The Twenty-seventh Sunday in Ordinary Time
October 7, 2018

Fr. José Maria Alvim Cortes, Chaplain,
Saint John Paul II National Shrine
 Washington, D.C.

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Today’s readings speak about marriage. The nuptial union is part of God’s plan for humankind. We cannot understand what marriage is without recognizing God as the Maker of heaven and earth, as we profess in the Creed. Today’s entrance antiphon says: “O Lord […] you have made all things, the heaven and the earth (.…]you are the Lord of all.”  We live in a time when it is necessary to renew our faith in God as the Creator.

In today’s Gospel, Jesus confronts the Pharisees’ skepticism about the unity and indissolubility of the nuptial alliance, telling them that the hardness of their hearts prevented them from understanding God’s design. He invites them to overcome this obstacle  and refers to the Book of Genesis in the Old Testament: “From the beginning of creation, God made them male and female” (Mk 10:6). Jesus quotes the first book of the Bible to show us that we need to pass from our vision of things in order to fulfill God’s original  plan. Sin and time have made men forget their true nature. Jesus shows us who we truly are. He takes us back to our origin and urges us to rediscover ourselves according to God’s design.

Jesus shows us that there is a connection between an inability to understand the nature of marriage and a lack of belief that God is the Maker of all things.

Today’s dominant culture rejects the idea that God creates reality. The individual is considered to be his own maker. The influence of this culture undermines our belief in God as the Creator. When we recite the Creed, the first truth of our faith that we profess is about Creation. We say: “I believe in one God, the Father almighty, Creator of heaven and earth.”

Hardness of heart is the incapacity to recognize that everything comes from God and returns to him. In the second reading, the author of the Letter to the Hebrews says that God is the one “for whom and through whom all things exist” (Heb 2:10). Our spiritual senses are atrophied and we fail to perceive people and things as they truly are. Our spiritual blindness prevents us from seeing the true nature of reality.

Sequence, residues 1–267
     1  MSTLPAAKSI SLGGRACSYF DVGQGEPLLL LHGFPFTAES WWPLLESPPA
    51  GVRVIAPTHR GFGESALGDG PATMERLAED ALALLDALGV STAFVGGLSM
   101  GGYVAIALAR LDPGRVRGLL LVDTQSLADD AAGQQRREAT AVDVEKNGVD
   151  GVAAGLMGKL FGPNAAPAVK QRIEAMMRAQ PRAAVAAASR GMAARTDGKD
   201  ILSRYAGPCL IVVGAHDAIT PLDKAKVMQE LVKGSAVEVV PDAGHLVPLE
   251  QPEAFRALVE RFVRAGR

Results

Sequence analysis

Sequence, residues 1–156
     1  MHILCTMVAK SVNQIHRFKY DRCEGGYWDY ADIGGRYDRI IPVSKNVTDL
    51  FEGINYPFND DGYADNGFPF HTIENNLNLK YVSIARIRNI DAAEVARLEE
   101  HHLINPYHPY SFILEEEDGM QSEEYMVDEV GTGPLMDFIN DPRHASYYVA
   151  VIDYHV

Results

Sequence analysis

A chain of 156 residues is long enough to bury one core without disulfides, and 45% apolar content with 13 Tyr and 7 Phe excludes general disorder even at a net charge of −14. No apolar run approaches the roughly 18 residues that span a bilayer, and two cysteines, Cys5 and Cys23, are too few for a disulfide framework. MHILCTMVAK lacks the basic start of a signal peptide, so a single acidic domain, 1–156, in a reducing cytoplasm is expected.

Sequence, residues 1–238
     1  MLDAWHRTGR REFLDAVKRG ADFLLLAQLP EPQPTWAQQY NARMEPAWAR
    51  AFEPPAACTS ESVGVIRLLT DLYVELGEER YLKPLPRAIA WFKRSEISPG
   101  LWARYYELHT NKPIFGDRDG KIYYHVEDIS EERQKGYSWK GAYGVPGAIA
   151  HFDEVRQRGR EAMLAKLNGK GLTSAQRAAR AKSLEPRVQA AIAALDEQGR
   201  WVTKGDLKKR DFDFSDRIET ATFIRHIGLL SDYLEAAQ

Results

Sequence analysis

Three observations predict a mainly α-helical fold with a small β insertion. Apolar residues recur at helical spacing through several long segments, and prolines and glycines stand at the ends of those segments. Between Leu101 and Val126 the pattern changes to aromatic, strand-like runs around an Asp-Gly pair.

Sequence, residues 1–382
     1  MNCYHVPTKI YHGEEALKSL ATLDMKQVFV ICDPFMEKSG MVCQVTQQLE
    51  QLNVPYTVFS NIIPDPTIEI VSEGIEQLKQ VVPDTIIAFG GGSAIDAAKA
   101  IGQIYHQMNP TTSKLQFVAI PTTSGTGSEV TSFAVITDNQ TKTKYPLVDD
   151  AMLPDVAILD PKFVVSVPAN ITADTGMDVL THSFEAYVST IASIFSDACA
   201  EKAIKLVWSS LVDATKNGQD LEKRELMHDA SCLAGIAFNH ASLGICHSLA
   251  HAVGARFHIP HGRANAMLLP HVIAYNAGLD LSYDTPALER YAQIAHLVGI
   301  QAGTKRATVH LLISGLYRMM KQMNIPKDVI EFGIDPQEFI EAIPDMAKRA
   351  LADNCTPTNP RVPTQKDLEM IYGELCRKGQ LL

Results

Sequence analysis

In today’s Gospel, we find a contraposition between the Pharisees’ hardness of heart and children’s purity of heart. Jesus says: “Let the children come to me; do not prevent them, for the kingdom of God belongs to such as these” (Mk 10:14).

When Jesus invites us to be childlike, he is not suggesting that we should become childish but that we should see all things through the pure eyes of a child. Purity of heart is to see God’s love and abiding light in everything. Purity of heart is to perceive people and things as gifts and not as possessions. If a person lacks purity of heart, he or she cannot go beyond the superficial and remains at the level of the tangible. “Blessed are the pure of heart, for they shall see God” (Mt 5:8). Purity of heart allows us to see the presence God in all things.

Today’s Word of God invites us to transform our hardness of heart into purity. We are in need of purification. Jesus reminds us of the beginning of human history in order to help us conquer the hardness of our hearts that has developed over time. Our Lord also reminds us of God and his creative power at the beginning of our individual personal histories. We were created. At a certain point, we started to exist. We are here now because God made us. We are his creatures. We did not make ourselves. It is God the Father who makes us. When we realize this truth in an existential way, something changes in us and a new and liberating sense of simplicity mysteriously blooms within us.

Let us pray for the renewal of our faith in God as the Maker of all things. May our faith increase and transform our hardness of heart into purity and simplicity. May the Lord Jesus grant us the grace to see people and things as he sees them.  Amen.

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